Accommodating protest

17-Jul-2017 21:43

President Barack Obama said Tuesday federal agencies are evaluating whether the .8-billion pipeline that has sparked months of massive Native American protests in North Dakota could be rerouted to address indigenous concerns of damage to sacred sites.“As a general rule, my view is that there is way for us to accommodate sacred lands of Native Americans,” Obama said in an interview with Now This.Last week, University of North Carolina at Chapel Hill students marched the mile from campus to the Board of Governors meeting site to protest the UNC System’s blanket ban, imposed by the board, on gender-neutral housing.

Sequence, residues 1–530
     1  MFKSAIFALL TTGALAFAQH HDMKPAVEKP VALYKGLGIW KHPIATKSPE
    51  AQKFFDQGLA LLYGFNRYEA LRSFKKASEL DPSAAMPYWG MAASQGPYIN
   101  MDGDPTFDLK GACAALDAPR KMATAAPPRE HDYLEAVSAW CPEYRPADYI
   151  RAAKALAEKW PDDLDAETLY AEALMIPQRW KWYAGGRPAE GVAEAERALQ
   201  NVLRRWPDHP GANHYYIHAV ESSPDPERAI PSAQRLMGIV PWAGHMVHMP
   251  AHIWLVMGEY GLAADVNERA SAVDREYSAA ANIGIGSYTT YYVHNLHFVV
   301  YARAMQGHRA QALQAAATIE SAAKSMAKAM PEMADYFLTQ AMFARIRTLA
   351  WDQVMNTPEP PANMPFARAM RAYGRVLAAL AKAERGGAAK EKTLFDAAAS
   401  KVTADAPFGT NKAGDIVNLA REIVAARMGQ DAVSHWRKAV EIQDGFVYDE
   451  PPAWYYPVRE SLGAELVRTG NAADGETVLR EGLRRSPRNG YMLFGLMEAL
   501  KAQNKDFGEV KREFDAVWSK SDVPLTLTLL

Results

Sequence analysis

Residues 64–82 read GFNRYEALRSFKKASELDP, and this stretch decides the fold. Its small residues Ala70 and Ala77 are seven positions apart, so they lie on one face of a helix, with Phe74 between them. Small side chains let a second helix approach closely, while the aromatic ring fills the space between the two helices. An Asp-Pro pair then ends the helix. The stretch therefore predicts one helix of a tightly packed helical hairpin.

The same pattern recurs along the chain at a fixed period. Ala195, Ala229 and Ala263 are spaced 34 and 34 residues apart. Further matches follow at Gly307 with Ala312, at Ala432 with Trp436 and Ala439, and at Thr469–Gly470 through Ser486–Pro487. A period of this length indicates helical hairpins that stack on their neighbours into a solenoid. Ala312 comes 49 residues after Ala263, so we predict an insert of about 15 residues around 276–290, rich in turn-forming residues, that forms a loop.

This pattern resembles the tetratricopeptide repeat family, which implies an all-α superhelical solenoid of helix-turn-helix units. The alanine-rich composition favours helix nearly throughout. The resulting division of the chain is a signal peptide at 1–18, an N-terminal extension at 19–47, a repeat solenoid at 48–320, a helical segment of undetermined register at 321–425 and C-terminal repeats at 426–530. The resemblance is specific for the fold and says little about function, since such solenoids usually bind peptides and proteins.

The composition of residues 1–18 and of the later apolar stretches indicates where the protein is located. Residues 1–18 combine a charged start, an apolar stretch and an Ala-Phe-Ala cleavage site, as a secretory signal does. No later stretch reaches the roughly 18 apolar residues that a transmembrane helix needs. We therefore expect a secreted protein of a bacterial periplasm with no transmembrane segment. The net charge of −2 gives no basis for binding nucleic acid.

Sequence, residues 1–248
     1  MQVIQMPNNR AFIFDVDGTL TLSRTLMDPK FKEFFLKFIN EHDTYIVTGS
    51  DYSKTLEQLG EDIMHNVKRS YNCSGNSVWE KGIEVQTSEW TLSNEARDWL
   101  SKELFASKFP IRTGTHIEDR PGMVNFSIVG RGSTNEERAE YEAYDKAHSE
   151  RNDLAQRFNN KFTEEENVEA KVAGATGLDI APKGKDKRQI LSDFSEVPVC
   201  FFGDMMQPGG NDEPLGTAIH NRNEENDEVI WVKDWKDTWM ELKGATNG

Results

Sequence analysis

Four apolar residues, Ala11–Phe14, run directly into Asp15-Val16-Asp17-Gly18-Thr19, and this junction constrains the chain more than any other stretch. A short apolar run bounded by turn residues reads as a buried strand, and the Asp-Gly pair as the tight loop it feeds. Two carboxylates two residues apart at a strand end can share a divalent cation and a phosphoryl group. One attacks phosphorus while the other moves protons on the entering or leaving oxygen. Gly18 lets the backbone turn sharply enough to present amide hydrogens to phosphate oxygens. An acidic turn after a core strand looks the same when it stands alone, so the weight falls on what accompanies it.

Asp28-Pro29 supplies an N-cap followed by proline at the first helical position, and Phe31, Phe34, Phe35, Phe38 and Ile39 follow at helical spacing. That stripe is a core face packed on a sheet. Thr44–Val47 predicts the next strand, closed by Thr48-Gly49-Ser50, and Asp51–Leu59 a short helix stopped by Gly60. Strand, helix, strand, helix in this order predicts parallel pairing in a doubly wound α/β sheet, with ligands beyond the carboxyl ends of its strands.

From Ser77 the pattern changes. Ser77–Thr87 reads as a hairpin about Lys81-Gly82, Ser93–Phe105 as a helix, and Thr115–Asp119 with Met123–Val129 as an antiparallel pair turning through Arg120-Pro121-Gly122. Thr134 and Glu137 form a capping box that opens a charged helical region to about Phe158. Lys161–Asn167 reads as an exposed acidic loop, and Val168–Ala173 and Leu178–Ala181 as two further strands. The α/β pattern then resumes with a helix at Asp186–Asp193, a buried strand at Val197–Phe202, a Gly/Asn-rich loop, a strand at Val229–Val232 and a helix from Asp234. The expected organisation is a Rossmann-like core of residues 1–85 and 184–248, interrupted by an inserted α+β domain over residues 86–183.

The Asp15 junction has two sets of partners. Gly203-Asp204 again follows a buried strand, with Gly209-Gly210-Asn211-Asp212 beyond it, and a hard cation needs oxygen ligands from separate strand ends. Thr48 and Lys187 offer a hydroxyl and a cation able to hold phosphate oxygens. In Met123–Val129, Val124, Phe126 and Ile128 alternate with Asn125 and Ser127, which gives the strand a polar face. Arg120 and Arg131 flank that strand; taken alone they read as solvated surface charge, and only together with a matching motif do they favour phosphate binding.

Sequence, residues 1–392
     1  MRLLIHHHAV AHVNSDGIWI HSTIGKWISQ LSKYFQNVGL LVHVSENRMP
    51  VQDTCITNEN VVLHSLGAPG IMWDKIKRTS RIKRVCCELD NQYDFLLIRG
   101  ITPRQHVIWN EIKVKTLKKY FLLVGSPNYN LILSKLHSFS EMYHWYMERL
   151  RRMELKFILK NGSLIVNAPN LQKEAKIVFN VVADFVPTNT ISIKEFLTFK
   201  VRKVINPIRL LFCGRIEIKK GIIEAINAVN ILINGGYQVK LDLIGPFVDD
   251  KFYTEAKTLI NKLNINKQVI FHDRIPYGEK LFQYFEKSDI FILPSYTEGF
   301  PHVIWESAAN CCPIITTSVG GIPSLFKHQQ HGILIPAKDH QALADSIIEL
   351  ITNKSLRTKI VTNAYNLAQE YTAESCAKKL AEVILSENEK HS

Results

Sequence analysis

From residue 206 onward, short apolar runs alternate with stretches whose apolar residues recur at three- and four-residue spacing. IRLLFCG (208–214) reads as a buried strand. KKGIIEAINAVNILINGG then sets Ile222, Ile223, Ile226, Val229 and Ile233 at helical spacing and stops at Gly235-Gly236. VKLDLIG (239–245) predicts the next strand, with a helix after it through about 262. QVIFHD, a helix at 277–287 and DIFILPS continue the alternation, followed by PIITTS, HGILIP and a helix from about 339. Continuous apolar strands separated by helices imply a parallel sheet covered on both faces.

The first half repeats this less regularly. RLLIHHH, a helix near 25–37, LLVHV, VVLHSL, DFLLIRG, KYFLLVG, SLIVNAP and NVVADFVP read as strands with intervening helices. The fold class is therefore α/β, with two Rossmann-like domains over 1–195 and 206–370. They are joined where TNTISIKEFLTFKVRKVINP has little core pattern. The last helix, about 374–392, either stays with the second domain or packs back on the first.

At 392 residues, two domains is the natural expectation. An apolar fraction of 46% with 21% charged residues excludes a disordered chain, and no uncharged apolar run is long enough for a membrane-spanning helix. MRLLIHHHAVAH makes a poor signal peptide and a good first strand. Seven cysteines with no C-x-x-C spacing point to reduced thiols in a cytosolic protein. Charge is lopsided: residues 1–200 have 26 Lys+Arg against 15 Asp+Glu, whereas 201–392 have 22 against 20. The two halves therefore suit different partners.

Mac Leod argues that the symbolism of the new veiling emerges from this tense subcultural dilemma, involving elements of both resistance and acquiescence.He added that the Army Corps of Engineers “is examining whether there are ways to reroute this pipeline.” Obama’s comments come less than a week after 141 people were arrested and dozens were injured when armed law enforcement used sirens, pepper spray, and bean bag shots to clear a protest camp on a site that Dakota Access, a subsidiary of Energy Transfer Partners, is putting the 1,172-mile oil pipeline.